Palmerston North Technical School (Former)

135 King Street And Princess Street (State Highway 3), Palmerston North

  • Palmerston North Technical School (Former). Image courtesy of
    Copyright: PhilBee NZ - Phil Braithwaite. Taken By: PhilBee NZ - Phil Braithwaite. Date: 12/12/2013.

List Entry Information

List Entry Status Listed List Entry Type Historic Place Category 2 Public Access Private/No Public Access
List Number 1266 Date Entered 2nd July 1982


City/District Council

Palmerston North City


Horizons (Manawatu-Wanganui) Region

Legal description

Lot 53-54 DP 223 (RT WN56A/398), Lot 55 DP 223 (RT WN56A/399), Wellington Land District


The red brick Palmerston North Technical School (Former) in the central city has historic and social significance as the face of various important local educational institutions since it was completed in 1909, including previous incarnations of the Universal College of Learning (UCOL). Prominent architect, Frederick de Jersey Clere, combined Classical and Queen Anne architectural features to create a distinctive two storey Edwardian building, which has some landmark qualities and architectural values. The façade was restored in 1997-98 and a new campus building was created behind it so the site’s educational traditions could continue.

Despite efforts to establish technical school classes in Palmerston North in 1902, it was only in 1906 that they began in earnest. Classes were held in various places around Palmerston North until a government grant and a site for the Palmerston North Technical School’s permanent home were acquired in 1908.

The resulting purpose-built building was anticipated as being ‘a striking addition to the architecture of the district’. The School was officially opened on 29 September 1909 by the Minister for Education, George Fowlds, and in 1911 the Evening Post heralded it as ‘Palmerston [North]’s finest building’. Clere designed the building’s King and Princess Street street-front gabled sections with large arched windows and populated those façades with Classical features, such as square column window mullions, pilasters and rusticated brickwork. This provided a sense of tempered importance benefitting its use as an educational building.

Because of the School’s popularity, space was soon an issue and extensions were created in the subsequent decades. Following the devastating Hawke’s Bay 1931 earthquake the School was strengthened and the 1909 roof was reconfigured to remove the gables and their distinctive gable-ends. This resulted from seismic assessments which stated the building was ‘incapable of wholly resisting the forces induced by violent earthquake movement’. Classes were held in temporary accommodations until the works were completed in early 1932.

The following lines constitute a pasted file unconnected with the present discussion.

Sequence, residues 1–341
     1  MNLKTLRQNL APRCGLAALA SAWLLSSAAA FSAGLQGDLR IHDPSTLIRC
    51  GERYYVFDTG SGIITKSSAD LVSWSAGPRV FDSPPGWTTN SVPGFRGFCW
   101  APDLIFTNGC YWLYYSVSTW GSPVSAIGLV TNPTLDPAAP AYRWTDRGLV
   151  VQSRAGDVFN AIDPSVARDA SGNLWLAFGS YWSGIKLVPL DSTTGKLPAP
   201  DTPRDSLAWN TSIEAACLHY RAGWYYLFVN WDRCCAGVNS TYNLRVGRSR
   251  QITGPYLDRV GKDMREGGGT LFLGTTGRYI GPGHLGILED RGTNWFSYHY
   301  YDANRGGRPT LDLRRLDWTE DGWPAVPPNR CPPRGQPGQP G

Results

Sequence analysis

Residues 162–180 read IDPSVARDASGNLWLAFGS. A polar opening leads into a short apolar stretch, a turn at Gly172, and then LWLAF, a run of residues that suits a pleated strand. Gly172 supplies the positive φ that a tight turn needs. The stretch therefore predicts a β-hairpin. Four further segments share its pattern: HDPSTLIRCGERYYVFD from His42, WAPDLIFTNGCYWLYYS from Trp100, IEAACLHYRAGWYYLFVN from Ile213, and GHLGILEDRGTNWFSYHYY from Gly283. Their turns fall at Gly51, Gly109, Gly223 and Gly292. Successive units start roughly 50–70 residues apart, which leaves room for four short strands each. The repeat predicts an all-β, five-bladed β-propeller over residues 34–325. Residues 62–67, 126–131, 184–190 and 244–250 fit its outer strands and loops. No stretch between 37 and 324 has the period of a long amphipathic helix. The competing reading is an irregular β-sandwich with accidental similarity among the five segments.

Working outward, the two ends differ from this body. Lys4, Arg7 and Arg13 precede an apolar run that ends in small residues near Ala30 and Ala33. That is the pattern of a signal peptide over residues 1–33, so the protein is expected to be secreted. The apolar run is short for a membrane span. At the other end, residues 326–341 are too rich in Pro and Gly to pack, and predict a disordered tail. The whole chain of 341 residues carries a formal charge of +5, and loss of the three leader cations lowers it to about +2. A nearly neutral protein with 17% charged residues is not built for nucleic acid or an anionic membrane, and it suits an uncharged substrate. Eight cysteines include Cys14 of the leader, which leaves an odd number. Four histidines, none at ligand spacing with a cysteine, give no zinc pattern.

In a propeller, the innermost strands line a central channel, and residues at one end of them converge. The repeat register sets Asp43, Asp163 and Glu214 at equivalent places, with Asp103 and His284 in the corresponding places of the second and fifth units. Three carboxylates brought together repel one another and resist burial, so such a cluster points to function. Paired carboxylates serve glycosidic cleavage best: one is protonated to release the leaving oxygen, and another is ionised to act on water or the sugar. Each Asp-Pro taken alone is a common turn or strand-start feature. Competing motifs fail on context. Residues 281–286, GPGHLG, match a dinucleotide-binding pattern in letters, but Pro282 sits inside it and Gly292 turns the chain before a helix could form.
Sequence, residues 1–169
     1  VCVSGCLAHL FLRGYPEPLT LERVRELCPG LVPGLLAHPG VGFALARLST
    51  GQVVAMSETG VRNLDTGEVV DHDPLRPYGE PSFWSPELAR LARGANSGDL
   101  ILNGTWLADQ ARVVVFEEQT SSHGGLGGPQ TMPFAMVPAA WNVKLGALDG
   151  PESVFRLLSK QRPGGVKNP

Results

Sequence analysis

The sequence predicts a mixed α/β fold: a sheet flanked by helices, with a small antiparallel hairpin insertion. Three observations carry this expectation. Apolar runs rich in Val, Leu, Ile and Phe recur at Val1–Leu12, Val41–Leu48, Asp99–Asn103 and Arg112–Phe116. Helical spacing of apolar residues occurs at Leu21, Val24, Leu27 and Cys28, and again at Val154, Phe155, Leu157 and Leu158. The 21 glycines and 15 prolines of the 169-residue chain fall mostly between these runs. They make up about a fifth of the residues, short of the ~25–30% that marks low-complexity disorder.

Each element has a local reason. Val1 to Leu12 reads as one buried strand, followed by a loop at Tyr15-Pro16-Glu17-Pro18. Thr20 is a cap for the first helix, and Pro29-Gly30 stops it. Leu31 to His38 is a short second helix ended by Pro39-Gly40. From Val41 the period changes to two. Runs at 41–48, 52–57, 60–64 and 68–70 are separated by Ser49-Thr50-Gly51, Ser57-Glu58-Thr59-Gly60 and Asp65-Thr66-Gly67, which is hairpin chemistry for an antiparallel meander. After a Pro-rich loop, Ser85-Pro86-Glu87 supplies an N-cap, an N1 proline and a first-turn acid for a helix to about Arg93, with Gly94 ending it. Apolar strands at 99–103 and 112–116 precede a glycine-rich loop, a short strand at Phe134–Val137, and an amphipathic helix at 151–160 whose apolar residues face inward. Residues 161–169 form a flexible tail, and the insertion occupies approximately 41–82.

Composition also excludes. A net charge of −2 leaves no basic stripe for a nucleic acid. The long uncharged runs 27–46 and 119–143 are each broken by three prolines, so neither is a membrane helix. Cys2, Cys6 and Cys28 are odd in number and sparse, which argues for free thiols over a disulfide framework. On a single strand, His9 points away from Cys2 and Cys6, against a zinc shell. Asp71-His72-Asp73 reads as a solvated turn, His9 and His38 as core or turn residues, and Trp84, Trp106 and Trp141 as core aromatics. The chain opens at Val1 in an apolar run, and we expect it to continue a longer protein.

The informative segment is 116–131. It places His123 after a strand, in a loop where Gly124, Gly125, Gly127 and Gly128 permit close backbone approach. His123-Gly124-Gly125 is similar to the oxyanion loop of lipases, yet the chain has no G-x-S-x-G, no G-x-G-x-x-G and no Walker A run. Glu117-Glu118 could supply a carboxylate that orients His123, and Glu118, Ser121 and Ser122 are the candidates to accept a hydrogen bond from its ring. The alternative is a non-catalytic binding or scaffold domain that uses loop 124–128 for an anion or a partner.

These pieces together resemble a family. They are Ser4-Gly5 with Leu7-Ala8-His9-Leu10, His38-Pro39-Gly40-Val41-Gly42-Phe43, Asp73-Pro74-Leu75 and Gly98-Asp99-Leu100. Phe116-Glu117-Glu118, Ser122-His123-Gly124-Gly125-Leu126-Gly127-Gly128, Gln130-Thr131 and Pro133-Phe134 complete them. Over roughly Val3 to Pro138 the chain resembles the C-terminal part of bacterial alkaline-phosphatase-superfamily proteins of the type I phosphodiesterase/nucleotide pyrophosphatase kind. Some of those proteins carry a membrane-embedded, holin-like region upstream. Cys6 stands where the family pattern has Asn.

In 1956 Palmerston North Teachers’ College took over the building because the School, which changed its name to Queen Elizabeth Technical College, removed to another location in 1955. The Teachers’ College continued to operate from the site until its campus in Hokowhitu was ready for use in 1971. Transitioning into the use of yet another tertiary education provider, the building then become the home of the Palmerston North Technical Institute, later known as Manawatu Polytechnic (1983) and then UCOL (2000).


Additional informationopen/close

Construction Dates

1931 - 1932
East and south gables removed and roof reconfigured.

1997 - 1998
North, east and south façade retained and restored and structure behind demolished. New building constructed behind the façade.

Structural upgrade
- 2011
Seismic strengthening

Completion Date

25th March 2019

Report Written By

Karen Astwood

Information Sources

Dougherty, 1999

Ian Dougherty, Bricklayers and Mortarboards: A History of New Zealand Polytechnics and Institutes of Technology, Palmerston North, 1999

Historic Manawatū-Horowhenua, 2013

‘Palmerston North Technical College (now UCOL)’, Historic Manawatū-Horowhenua, 2013, p.27,, accessed 18 Sep 2018.

Other Information

A fully referenced upgrade report is available on request from the Central Region Office of Heritage New Zealand.

Please note that entry on the New Zealand Heritage List/Rarangi Korero identifies only the heritage values of the property concerned, and should not be construed as advice on the state of the property, or as a comment of its soundness or safety, including in regard to earthquake risk, safety in the event of fire, or insanitary conditions.